As may easily be imagined, they formed very much of a caste by themselves, and recognised their kinship in the craft by being ambitious of burial, when they died, in the southern side of the churchyard of St. Martin's-in-the-Fields. They were a rough, saucy, and independent lot, if we may judge from allusions to them which occur in the novels, comedies, farces, and popular songs of the last century. Their phraseology, too, was as peculiar as that of the cabmen and omnibus drivers of our own day. Peter Cunningham calls it "the water dialect or mob language," the use of which he reckons as "one of the privileges of the river assumed by the fraternity," a language of which Ned Ward and Tom Brown have both left us specimens, and of which Fielding complains so touchingly in his "Voyage to Lisbon;" and he quotes, in support of his statement, several passages from Ben Jonson, Samuel Pepys, and Wycherley. It will be remembered that in the Spectator (No. 383) Sir Roger de Coverley is "shocked" at the saucy language with which he is greeted by two or three young fellows, whilst taking his pleasure in a boat on the Thames; and Boswell, in his "Life of Johnson," records the fact that once when the learned doctor was in a similar situation, he gave back a wherryman raillery for raillery in terms which we can scarcely quote in these pages.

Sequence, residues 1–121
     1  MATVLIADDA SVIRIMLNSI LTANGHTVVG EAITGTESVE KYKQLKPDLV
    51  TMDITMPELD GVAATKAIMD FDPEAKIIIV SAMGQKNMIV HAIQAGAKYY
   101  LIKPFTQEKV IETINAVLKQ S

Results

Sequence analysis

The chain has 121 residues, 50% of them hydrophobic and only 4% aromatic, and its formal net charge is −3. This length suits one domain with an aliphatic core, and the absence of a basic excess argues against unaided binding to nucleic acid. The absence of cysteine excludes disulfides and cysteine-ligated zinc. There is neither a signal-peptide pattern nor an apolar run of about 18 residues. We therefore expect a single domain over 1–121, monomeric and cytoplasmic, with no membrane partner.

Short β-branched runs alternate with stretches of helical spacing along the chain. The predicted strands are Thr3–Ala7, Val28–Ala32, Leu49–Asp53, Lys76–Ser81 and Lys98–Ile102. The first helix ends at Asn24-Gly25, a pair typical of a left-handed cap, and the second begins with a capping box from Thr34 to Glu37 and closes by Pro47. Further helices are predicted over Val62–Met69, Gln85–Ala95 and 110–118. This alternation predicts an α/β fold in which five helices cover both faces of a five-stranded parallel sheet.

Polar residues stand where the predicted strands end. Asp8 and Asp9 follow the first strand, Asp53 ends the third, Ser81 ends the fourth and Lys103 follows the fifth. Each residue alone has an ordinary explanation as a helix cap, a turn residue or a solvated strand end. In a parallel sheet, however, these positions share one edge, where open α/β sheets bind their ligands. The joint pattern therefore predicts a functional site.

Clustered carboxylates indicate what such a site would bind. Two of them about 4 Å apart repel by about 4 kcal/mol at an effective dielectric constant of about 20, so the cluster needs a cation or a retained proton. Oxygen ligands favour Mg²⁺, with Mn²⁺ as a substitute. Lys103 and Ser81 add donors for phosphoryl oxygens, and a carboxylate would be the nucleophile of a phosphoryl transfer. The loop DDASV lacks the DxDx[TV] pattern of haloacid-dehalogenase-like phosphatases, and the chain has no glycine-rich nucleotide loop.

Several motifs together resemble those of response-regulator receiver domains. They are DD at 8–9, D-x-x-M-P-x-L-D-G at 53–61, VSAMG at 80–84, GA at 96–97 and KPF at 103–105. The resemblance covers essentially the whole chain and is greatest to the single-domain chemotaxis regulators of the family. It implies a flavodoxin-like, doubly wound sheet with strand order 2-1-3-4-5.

The Thames watermen received their licences from, and were directly amenable to, the Lord Mayor and the other members of the Thames Conservancy; and their fares were regulated by a published scale of charges a hundred years ago. A copy of the "Rates of Watermen plying on the River Thames, either with oars or skullers," dated 1770, gives a table of charges, showing that a fare could be carried with "oars" for a shilling from London Bridge to Limehouse, Shadwell Dock, or Ratcliff Cross; or from either side above London Bridge to Lambeth or Vauxhall. Eightpence was the charge for the same mode of conveyance from the Temple, Blackfriars, or Paul's Wharf to Lambeth; whilst sixpence would frank a voyager from London Bridge or St. Olave's, Tooley Street, to "Wapping Old Stairs" or Rotherhithe Church; or from Billingsgate and St. Olave's to St. Saviour's Mill, from any stairs below London Bridge and Westminster, or from Whitehall to Lambeth or Vauxhall; whilst any lady or gentleman could be ferried "over the water directly from any place between Vauxhall in the west, and Limehouse in the east, for fourpence." The charges for "skullers" for each of the above-named voyages were exactly half the sums here named. The authorised "rates of oars, down and up the river, as well for the whole fare as for company"—in other words, for a single voyager, or each person forming a party—are curious. From London to Greenwich or Deptford, the charge for a single individual was eighteenpence, to Blackwall two shillings, to Woolwich half-a-crown, to Purfleet or Erith three shillings, to Grays or Greenhithe four shillings, and to Gravesend four and sixpence. When persons made the voyage in parties, each of the company, be the latter large or small, was to be charged about a sixth of the above rates. The same regulations held good "above bridge" also: you could be taken by "oars" to Chelsea, Battersea, or Wandsworth for eighteenpence; to Putney, Fulham, or Barnes for two shillings; to Hammersmith, Chiswick, or Mortlake for half-a-crown; to Brentford, Isleworth, or Richmond for three and sixpence; to Twickenham for four shillings; to Kingston for five; to Hampton Court for six; to Hampton town, Sunbury, or Walton for seven; to Weybridge or Chertsey for ten; to Staines for twelve; and all the way to Windsor for fourteen shillings. If a party was got up for the occasion the charge was a shilling for each individual for any distance beyond Kingston, even as far as Windsor.